I’m not really into “must protect at all cost” memes since I think they are comical but I will join the “must protect Raphtalia” meme now.

      1. I seriously don’t think Naofumi’s relationship with Raphtalia can be called “slave labour” in the common reality americentric terms.

        But if you think black and white and see the word “slave” as absolute and can’t be stretchered and modified… that’s up to you. Linguistics is very complex and usually actions can’t be defined as an absolute black and white definition. Often, a word is more effective with support with context. The context between real slave labour and the actions of Naofumi’s action to Raphtalia is very different. It’s comparing reality and fiction.

  7. @Zaiden: do you know any good JRPGs for the 3DS? I’ve played some, but recently cannot find anything good.

    Otherwise, they actually toned-down Naofumi’s attitude when compared to the manga. In the manga he explicitly stated we would prefer a male slave due to his inability to trust women and then when he took Raphtalia, he thought to himself “she’s the same sex as that person” implying he couldn’t trust her or even that he could vent his frustrations on her. I guess the producers decided the issue was controversial enough as it is, so they decided to tone it down.

    Also, is it just me, but I thought Raphtalia was much cuter in the manga. Her face and features were much rounder and her hair was not so distracting. I could really sympathise with her much more in the manga because of that.

    1. I’m currently playing through SMT IV. That one’s incredibly good, especially if you’re already familiar with the Persona franchise, and it’s cheap to purchase when on sale in the eShop. Same goes for Devil survivor 1 + 2. Monster Hunter: Stories has features Pokemon fans have been wanting for a long time, and offers different and refined enough mechanics to be its own thing. The Fire Emblem games are awesome and I’d suggest you start with Awakening.

      Otherwise come to the Discord. I could tell you one or two pieces of useful information that would be difficult to express in a public forum.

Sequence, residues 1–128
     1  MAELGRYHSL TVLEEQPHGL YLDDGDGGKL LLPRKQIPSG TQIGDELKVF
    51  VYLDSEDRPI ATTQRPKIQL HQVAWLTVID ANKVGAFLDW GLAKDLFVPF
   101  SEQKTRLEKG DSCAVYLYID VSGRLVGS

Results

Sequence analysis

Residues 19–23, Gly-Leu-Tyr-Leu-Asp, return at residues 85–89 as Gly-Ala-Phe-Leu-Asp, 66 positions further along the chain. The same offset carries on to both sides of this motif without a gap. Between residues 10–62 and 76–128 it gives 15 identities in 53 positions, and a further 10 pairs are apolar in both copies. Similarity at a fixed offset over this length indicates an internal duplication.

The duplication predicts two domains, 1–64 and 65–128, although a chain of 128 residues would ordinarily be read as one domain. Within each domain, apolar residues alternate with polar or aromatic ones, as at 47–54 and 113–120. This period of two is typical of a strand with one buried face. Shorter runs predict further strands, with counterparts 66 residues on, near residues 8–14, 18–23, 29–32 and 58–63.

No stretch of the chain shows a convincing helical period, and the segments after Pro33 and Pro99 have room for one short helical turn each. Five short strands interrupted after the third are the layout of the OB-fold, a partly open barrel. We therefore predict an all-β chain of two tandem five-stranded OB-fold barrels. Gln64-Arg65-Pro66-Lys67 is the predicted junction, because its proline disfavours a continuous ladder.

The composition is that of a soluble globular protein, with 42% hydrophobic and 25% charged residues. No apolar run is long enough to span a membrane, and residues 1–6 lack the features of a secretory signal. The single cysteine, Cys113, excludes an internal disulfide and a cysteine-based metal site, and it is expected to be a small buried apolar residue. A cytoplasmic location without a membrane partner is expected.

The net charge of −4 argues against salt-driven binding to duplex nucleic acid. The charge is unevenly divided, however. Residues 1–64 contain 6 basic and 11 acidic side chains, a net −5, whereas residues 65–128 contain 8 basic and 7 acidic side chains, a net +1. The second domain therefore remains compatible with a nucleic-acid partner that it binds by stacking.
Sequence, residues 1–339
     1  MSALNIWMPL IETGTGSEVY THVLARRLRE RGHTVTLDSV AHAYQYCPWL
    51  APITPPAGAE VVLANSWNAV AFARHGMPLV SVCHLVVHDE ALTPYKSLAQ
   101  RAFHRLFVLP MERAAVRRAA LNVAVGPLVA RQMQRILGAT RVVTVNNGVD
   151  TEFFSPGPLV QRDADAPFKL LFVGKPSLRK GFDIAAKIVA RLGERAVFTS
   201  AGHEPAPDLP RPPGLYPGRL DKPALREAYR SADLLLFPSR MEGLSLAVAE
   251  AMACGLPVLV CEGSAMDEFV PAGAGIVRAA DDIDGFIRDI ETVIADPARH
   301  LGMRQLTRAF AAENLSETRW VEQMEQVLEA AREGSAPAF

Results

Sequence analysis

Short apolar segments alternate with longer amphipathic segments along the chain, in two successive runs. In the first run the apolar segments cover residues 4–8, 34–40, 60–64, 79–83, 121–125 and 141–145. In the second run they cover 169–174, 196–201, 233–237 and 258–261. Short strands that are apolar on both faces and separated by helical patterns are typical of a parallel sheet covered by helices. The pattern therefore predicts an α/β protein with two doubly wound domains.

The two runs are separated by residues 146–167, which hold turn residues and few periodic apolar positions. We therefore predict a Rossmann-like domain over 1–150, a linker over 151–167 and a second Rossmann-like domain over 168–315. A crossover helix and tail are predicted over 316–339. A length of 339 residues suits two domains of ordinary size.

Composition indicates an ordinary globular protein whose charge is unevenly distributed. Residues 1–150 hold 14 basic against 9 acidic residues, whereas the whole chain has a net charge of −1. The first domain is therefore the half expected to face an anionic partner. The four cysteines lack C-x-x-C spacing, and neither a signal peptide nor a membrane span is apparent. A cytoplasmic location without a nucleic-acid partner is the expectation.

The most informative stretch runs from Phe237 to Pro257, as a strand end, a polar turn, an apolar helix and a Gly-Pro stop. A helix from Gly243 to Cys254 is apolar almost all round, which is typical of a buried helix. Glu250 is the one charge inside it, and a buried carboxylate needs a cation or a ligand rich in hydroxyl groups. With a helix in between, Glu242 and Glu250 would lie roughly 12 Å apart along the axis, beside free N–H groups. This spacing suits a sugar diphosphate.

1. Perhaps I exaggerated. But in the LN, one of the reasons he swayed around to purchasing Raphtalia despite loathing females was the thought that he couldnproject his anger towards Sophia onto her. The impression I get is that his reasons started off as being malicious but in the end, the kindness within him shone through.

    1. It kinda makes sense, though. All the kid’s meals he’s ever seen had the Japanese flag, not just a blank one, so he made Raphtalia’s blank flag Japan’s.

      And considering what he’s been through it’s easy to understand why he’d much rather be back in Japan, or at least bring the smallest bit of his old life into this fresh hell he’s stuck in.

      1. Yeah. But seems like our Shield Hero had an rough start with his Social skills. Seems like the “Slave” bring back a bit of Trust for him. At start he try to use force to overcome her fears, but in the end she choose to save him out of free will.. i am no expert in this, but it could had backfire greatly

        I just hope he put this grudge away for now. He has now an Life on his shoulders he cares about.. Thats why i think he choose her

      2. I mean, is this not the Secret of Imotos Animes? Where the MC take responsibility over someone other?

        Lets see. I think i can life with this anime. if i just skip the first episode. But lets see

  8. I was just reading the light novel, and Naofumi (with respect to Raphtalia) does not come off nearly as well as in the anime. He see her as a surrogate for Myne (the girl who robbed him) and at times thinks he’d be cheerful if she died. For example when picking her out:

    Yes, this thing was a woman, the same gender as that one that betrayed me. I looked into her scared eyes and immediately thought that I wanted to control her. I thought I could just pretend that I’d turned Myne into a slave… Even if the slave did end up dying, it might help me feel better.
    I looked at her quivering in fear and felt a wave of satisfaction wash over me. I imagined that other woman quivering in fear just like this, and it made me feel great.

    Two pages later, he’s buying her the kid’s meal (as in the anime), but still:

    “Anyway, eat up and get some strength. If you walk around all skinny like that, you’ll just due on me.”

    Even if she did die, I could use the money we made to buy a new slave.

    1. Yeah, it would be a lot more entertaining to read through a comment section where he doesn’t come off anywhere near as kindly. I suppose you shave off character development by avoiding it. But you also dodge controversy and make him more sympathetic. zztop pointed out Shield Hero is a concerted effort to carefully appeal to Western audiences, so at least they’re conscious about that one.

  9. If you ever find yourself writing, “I’m not advocating for slavery, BUT–” maybe rethink your life and everything that led to that point.